Progress in Meeting Needs Of Children Moves Slowly
Experts prod Bush to expedite a key UN convention
SOVIET President Mikhail Gorbachev's recent decision to donate $1 million - including the cash from his Nobel Peace Prize - to health care for Russian children may look like an isolated move. But advocates of the very young see it as one more small sign that the needs of the world's children are being taken more seriously. Three months have passed since more than 150 nations gathered at the United Nations here for a one-day World Summit for Children. They embraced 22 specific goals over the next decade, including a one-third cut in the infant mortality rate and access for every child to a school and to safe drinking water. They also agreed that children should have first call on the world's resources in both bad and good times.
UNICEF executive director James Grant says the summit goals can be met. UNICEF's State of the World's Children report for 1991, released Dec. 19, says for instance that this year a goal set by the World Health Organization in 1980 to immunize against disease 80 percent of all children in the developing world before their first birthday appears to have been achieved.
In several cases, beginning with El Salvador in 1985, UNICEF has immunized children in the midst of civil wars. Dr. Richard Jolly, deputy UNICEF executive director for programs, recalls that the effort in Lebanon required negotiating with ten warring factions. ``These are real wars, and in a way it's quite remarkable that this has proved possible,'' he says.
Other indicators that children's needs are getting more attention can be seen in priority shifts in national budgets and in development aid.
Congress did more
The US Congress, for instance, passed more child-focused legislation in the last session than at any time in the last 20 years - including a $22.5 billion, five-year child-care bill, an expansion of Medicaid to reach more poor families, and a broadened Head Start program. It even raised its appropriation for UNICEF by $10 million to $75 million.
In Jordan, where the gross national product has dropped by an estimated 40 percent during the Persian Gulf crisis, guidelines for the new budget unveiled this month call for heavy cuts in every area except health and education. Richard Reid, UNICEF director for the Middle East and North Africa, terms the budget plan ``remarkable.''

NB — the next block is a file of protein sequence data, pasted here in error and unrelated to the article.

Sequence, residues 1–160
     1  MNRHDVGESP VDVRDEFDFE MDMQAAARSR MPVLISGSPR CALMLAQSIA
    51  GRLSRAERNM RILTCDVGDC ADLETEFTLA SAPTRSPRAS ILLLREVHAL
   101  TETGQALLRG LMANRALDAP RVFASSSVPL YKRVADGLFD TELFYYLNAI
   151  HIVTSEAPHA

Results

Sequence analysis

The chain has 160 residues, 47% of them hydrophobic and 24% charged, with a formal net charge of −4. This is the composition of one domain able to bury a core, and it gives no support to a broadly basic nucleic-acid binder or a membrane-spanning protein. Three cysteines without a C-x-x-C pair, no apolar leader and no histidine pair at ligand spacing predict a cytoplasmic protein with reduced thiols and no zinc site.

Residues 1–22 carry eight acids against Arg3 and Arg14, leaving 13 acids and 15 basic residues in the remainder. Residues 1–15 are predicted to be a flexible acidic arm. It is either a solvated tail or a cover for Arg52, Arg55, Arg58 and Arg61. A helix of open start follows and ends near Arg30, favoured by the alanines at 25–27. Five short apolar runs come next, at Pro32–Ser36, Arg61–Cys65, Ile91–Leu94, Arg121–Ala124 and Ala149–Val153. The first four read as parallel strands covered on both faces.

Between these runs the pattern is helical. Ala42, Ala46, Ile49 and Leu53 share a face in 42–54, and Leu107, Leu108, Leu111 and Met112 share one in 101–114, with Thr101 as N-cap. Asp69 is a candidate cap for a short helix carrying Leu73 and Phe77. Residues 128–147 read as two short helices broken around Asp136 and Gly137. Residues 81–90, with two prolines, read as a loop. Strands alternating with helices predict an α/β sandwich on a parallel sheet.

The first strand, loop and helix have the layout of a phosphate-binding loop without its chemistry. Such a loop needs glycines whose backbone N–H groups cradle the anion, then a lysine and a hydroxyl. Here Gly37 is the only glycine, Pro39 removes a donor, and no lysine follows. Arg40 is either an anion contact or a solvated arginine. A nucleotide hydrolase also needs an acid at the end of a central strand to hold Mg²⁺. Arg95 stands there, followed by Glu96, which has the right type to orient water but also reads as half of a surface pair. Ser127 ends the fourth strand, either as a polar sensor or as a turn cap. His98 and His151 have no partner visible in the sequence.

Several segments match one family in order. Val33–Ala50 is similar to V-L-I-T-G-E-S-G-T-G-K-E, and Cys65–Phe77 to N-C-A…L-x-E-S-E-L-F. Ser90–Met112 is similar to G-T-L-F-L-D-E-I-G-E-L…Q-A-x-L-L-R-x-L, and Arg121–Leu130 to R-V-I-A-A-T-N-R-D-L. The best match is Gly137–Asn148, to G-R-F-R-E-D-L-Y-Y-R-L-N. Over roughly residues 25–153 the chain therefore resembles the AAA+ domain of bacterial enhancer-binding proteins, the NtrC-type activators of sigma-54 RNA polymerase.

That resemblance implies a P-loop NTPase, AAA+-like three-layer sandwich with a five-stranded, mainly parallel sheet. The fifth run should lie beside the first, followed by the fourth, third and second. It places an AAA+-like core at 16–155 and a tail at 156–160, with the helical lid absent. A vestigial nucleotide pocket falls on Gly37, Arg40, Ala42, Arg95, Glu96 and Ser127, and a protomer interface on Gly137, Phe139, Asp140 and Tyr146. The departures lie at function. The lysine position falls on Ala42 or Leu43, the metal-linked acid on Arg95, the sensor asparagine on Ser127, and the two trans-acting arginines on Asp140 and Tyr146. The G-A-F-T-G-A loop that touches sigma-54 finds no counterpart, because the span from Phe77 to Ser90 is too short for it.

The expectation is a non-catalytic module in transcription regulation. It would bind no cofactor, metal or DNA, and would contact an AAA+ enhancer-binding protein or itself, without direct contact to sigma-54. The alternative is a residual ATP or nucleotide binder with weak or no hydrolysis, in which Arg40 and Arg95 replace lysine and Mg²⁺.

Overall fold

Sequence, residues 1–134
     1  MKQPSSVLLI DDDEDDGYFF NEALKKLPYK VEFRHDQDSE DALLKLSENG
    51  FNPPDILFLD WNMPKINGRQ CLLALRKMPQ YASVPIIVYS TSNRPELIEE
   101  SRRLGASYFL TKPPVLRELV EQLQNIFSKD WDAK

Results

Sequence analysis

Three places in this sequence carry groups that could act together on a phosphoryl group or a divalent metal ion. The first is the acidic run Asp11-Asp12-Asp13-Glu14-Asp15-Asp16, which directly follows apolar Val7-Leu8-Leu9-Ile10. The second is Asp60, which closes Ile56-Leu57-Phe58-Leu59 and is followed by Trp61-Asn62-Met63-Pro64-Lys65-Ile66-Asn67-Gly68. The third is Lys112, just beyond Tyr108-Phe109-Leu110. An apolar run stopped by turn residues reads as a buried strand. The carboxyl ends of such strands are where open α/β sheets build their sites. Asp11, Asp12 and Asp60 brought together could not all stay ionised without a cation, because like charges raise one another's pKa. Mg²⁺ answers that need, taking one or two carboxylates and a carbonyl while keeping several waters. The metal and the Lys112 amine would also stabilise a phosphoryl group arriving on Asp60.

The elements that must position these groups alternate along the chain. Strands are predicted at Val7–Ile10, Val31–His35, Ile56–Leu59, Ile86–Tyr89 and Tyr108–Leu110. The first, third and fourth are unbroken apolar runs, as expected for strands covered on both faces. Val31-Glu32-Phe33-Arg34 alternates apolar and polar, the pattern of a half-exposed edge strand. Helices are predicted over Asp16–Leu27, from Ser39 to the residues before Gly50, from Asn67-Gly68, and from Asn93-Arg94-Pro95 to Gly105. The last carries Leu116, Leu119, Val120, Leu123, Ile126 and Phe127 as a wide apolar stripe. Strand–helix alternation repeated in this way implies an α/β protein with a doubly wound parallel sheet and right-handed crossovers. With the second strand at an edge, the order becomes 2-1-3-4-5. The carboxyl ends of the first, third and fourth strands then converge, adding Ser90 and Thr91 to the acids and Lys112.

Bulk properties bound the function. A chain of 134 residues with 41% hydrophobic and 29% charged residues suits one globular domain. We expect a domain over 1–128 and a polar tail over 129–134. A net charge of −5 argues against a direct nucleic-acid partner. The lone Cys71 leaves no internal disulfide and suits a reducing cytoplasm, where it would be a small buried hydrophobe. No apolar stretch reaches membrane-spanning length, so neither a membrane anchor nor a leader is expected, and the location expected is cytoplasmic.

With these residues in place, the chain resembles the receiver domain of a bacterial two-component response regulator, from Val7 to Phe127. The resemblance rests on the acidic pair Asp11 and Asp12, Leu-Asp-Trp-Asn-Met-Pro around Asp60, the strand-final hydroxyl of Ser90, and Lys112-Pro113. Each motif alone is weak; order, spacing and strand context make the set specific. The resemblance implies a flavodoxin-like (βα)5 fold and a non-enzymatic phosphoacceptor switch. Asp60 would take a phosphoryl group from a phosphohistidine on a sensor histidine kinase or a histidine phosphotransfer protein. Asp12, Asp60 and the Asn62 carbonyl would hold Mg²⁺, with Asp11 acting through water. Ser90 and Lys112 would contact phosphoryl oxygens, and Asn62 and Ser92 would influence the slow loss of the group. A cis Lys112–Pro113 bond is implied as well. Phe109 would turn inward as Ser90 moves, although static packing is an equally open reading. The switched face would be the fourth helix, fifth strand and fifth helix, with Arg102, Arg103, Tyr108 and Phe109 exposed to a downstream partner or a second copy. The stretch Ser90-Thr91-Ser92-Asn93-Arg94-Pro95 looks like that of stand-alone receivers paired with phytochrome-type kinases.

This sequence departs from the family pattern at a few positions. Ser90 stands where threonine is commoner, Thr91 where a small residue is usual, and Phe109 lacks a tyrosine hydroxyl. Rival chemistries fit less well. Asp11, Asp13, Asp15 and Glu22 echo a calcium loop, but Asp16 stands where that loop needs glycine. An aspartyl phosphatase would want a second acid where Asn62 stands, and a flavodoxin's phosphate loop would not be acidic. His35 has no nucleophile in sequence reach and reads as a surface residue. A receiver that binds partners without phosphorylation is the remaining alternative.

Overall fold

Many developing nations, as well as those who give them loans and aid, now recognize a close connection between investment in health and education for children and improved economies, says Dr. Jolly.
James Bausch, president of Save the Children, a nonprofit Connecticut-based group that works in 37 countries, says changing attitudes and behavior can take a long time. Yet he notes that important changes already are taking place in attitudes toward health care in some poor countries. Many see the link between more economic power and literacy for women and improvement in child health, he says.
Some children's advocates argue that the Middle East crisis has diverted attention and money from children's issues. ``I think the Middle East blowup has really set us back,'' says David Liederman, executive director of the Child Welfare League of America. He is concerned that some of the landmark children's legislation recently passed on Capitol Hill will not be funded.
``Unfortunately, our world leaders seem to be always consumed with fighting,'' says Mr. Liederman. ``They're much more comfortable talking about tanks and planes and military strategy than about child survival.''
White House stalls
Most of the 133 nations at the summit have now ratified or otherwise signed on to the UN Convention on the Rights of the Child, which guarantees all children the right to survival, development, and protection. Despite resolutions by the US Senate and House urging the White House to sign and forward the treaty to the Senate, it has not.
``The summit hasn't produced any noticeable effect on the executive branch - President Bush has failed to respond to what is essentially a worldwide movement,'' comments Jim Weill, general counsel of the Children's Defense Fund.
Abortion issue surfaces
Though the White House attributes the delay to ``technical problems,'' it is widely assumed that its reservations on abortion are key. Drafters worked on the document for 10 years and deliberately avoided the question of whether life begins at conception or birth. Supporters of the measure say the US could add its own reservation in approving the treaty; but they consider it unfair to hold the treaty hostage to that issue.
``Nothing's happening,'' insists Kenneth Phillips, President of Plan International, USA, formerly known as the Foster Parents Plan. In not ratifying the measure, says Mr. Phillips, the White House is in the company of such nations as Libya, Iraq, Iran, and South Africa, nations he describes as ``not known for their concern for children.''
UNICEF's 1991 report says many of the most effective solutions for cutting malnutrition and infant mortality cost little on a per capita basis. It notes that several countries with per capita gross national products of $1,500 a year, including Chile, China, Jamaica, Mauritius, Sri Lanka, and Thailand, have reduce deaths of children under five to less than 50 per 1,000 births - surpassing the summit goal set for the year 2000.